- Magical Mindfulness…a nice visual and auditory meditation immersion in the sound of OM…best experienced with earphones.
- How to Stay Calm Among Chaos
- Turning Negative Thinkers into Positive Ones…a nice brief article from the NYT about a noble 8-fold practice to turn automatic negative thoughts (ANTS) into what I term as APTS, automatic positive thoughts…you develop a new and enlivening aptitude.
- Overcoming Circular Thinking…Buddhist practitioner and teacher Michael Stone has nice insights and helpful words about meditation in this short talk.
- Scientists find “evidence” of a multidimensional universe INSIDE our brain…more evidence of a holographic universe…absorb…and meditate on this one.
- I Like It…but Is It Meditation?…an appreciation of everyday mindfulness by Barry Evans.
- A Fortnight of Time…an early writing on this website about the hologram of time and an introduction to the concept of the Gap.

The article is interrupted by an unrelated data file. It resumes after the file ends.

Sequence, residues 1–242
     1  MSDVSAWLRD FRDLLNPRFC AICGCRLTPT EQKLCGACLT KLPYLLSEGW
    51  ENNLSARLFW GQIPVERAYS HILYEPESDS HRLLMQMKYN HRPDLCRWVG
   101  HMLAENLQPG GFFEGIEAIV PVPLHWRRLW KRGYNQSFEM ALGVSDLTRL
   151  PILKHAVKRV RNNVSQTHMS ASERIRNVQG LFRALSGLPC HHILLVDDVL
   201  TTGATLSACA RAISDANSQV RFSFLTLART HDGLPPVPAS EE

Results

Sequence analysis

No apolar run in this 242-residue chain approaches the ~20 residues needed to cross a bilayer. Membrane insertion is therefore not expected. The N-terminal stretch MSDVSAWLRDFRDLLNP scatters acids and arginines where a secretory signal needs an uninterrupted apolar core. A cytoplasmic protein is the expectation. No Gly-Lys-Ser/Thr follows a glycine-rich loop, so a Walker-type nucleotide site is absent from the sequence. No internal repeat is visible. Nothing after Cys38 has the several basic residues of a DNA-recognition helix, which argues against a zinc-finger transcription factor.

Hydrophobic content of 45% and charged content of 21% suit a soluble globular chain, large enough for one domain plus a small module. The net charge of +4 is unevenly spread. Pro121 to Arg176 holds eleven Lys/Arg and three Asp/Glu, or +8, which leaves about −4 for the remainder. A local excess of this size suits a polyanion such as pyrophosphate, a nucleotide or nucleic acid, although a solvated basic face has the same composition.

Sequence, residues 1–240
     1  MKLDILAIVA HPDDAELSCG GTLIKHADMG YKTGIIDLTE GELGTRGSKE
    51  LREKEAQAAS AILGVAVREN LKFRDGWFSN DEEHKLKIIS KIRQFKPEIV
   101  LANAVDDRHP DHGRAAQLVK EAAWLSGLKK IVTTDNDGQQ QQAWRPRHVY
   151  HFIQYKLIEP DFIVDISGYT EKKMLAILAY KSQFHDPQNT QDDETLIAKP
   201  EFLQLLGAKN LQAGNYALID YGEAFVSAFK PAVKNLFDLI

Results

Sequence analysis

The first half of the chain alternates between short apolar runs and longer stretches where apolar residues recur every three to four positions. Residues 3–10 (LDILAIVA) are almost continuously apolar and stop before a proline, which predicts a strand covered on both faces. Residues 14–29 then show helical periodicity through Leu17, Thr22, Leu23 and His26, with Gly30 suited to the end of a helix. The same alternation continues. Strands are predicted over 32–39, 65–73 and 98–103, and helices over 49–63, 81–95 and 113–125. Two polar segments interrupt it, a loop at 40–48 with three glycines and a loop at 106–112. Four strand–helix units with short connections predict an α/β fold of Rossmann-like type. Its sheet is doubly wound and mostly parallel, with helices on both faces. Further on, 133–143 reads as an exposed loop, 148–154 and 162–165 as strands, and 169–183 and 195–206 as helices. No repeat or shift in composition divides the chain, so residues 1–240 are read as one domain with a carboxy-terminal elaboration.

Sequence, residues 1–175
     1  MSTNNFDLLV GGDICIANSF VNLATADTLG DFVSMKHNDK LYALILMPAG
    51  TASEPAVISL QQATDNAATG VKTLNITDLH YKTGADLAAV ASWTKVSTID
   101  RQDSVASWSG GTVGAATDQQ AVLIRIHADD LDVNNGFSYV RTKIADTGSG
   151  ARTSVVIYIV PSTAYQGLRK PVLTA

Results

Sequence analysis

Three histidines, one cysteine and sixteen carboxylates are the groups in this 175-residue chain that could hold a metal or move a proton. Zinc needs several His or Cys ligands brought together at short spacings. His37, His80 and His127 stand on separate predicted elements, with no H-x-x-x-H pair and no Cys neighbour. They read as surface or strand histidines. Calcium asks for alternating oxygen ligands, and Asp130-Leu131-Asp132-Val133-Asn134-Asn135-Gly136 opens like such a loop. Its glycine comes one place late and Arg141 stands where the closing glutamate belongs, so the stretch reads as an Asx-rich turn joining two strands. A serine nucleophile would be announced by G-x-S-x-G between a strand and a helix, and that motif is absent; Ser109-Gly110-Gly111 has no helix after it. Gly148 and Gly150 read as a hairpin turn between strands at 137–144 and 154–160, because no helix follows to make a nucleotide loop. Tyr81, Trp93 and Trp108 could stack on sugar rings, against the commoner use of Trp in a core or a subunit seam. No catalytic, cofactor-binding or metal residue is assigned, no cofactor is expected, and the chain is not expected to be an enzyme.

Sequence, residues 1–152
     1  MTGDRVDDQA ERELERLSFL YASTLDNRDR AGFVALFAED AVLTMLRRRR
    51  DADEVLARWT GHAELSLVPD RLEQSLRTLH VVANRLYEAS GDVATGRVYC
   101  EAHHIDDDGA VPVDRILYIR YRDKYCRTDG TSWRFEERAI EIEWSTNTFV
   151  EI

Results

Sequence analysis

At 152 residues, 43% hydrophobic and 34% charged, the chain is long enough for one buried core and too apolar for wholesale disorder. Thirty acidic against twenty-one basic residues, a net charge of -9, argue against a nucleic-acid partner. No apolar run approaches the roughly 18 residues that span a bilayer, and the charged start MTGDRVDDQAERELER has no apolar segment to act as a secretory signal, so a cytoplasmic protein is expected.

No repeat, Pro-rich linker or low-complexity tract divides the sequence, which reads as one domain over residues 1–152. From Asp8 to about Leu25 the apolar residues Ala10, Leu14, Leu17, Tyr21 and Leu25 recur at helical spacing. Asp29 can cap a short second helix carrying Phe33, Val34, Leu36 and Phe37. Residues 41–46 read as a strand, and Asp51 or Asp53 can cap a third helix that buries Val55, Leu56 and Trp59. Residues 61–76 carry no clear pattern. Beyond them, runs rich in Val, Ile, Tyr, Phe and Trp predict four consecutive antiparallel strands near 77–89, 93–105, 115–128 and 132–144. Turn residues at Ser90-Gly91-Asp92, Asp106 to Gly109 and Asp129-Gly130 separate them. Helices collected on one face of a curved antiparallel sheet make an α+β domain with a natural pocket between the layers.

- New York City’s First Mobile Meditation Studio Brings Mindfulness to Manhattan ( in a Retrofitted RV)…the Calm City truck can hold up to 9 people who drop in for a meditation respite.
- The Problem with Meditation Instructions…adding flexibility and choice to a meditation practice that has become rigid and restrictive.
- Below is a nice brief writing on witness consciousness and the Gap. This comes from Richard Rohr’s daily email contemplations, again, from his Center for Action and Contemplation, in Albuquerque, NM. This one is written by guest writer Cynthia Bourgeault, an Episcopal priest, writer, and lecturer, who travels the globe seeking to bring a resuscitation and recovery of the Christian contemplative tradition.